Sometimes, late at night, when the world has gone empty but I’m not yet in sight of sleep, I find myself turning to this song, and playing and replaying it over and over on YouTube. It’s almost seven minutes long and it can repeat for an hour or sometimes more, soothing me, easing tensions I can’t name. Sometimes, I need that desperately.
‘Set the Prairie on Fire’ comes from Shawn Colvin’s second album, Fat City, released in 1991, and it’s the least typical song she’s ever performed. That’s down entirely to its guest artist, the legendary Booker T Jones, on electric organ. and I do not believe that there’s another organ-player in the whole world who could have laid down this slow, smouldering, smooth and absorbing track.
The song is simple. It’s about sex, and when I say sex I mean looking forward with intense anticipation to getting it on with the loved one, or at least the one most seriously being lusted over. Colvin makes no bones about it from the the opening line: it’s night, the moon is full, and she’s gonna cover every inch of him like ink on a paper.
No holding back. The woman knows what she wants and there are no hints and half-statements. I can’t wait till I can get you in that defenceless position, she croons, bending phrases through a passion that’s overwhelming. We’ll set the prairie on fire, she promises, go down to the water, naked and slow. How hard will the wind blow? How far will it go?
Colvin’s guitar strums, Jones’s organ ripples. Colvin is being open, wide open, singing of her lust and what it does to her in terms that at least one former girlfriend would have insisted should not be revealed to men. There is an extraordinary verse: When this feeling burns down to one solitary colour (a synaesthesic moment, her orgasm has overwhelmed her), the velocity of lonely melts us into each other (the sex so intense that the boundaries between bodies blur), it’s a song our fingers play, all at once and together (the boundaries between minds blur), you can bet we’ve never learned this but we’ve known it forever (which is a reminder that sometimes I need, and sometimes I would rather not think of).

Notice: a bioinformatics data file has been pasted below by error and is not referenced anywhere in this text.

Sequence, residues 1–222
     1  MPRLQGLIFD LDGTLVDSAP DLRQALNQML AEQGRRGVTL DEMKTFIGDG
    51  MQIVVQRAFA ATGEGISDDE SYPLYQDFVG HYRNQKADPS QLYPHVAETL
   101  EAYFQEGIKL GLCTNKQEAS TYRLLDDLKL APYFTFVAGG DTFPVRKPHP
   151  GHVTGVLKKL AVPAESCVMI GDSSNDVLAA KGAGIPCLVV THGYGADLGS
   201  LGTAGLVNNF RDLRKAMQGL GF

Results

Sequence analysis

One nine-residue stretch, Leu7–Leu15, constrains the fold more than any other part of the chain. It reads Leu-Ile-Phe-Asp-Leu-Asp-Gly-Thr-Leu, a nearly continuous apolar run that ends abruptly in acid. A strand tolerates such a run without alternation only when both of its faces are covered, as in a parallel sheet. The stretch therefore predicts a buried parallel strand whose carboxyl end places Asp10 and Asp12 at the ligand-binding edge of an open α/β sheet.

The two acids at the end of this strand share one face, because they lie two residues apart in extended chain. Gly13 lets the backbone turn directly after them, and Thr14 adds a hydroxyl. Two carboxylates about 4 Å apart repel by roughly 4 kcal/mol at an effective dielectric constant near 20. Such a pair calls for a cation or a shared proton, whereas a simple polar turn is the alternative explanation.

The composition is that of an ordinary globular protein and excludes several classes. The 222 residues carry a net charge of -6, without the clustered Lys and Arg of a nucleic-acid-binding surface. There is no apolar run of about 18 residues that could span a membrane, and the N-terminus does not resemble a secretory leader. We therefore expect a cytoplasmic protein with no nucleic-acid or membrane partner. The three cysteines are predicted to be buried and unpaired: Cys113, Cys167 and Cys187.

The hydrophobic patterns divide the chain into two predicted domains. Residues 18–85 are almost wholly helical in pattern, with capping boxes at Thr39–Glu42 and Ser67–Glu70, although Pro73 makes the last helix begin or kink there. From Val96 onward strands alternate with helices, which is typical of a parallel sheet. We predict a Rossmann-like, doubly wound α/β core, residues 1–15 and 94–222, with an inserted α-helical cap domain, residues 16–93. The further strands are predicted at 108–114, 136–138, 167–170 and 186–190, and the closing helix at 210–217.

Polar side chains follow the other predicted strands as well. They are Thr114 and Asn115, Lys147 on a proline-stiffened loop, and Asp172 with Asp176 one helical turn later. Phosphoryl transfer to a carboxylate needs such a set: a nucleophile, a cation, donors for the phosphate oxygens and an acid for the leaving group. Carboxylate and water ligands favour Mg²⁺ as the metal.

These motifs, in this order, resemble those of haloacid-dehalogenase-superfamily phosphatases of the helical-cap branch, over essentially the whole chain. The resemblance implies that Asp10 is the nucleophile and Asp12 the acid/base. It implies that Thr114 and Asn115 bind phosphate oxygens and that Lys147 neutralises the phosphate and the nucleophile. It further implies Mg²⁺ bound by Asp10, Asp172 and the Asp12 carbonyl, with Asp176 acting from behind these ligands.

And we set the prairie on fire, she repeats, and though you wouldn’t believe the song could go deeper into that moment when man and woman achieve a closeness on every single level that obliterates the idea of being different people, Colvin tops it again, singing directly into the heart of that velvet explosion.
In the cool dusk of horses, through the rusted wires of sleep, with our arms around midnight, we’re heading for release, we go riding in the wind, we go riding in the dark, riding, riding, riding, until it all bursts and her voice soars.
Then there’s nothing left but that guitar strumming, a peaceful, even rhythm, whilst Jones, released in his own manner, noodles on the organ and the sound fades, slowly, very slowly, as the lovers lie there and try to remember which one they are.
It’s pure sex, of that most intense and brilliant kind, that takes you into a place where you can never go, save with that one person, where you can never go without them, nor with anyone else. Couples make these places together: they don’t actually exist on Earth.
At times, as night, when I’m feeling lost and lonely, I play this song over and over, until I am safe to go to sleep. Shawn Colvin didn’t mean for this song to be therapy for me, but it has become so. The times I need it gradually grow fewer, but the Infinite Jukebox houses my need, forever at hand.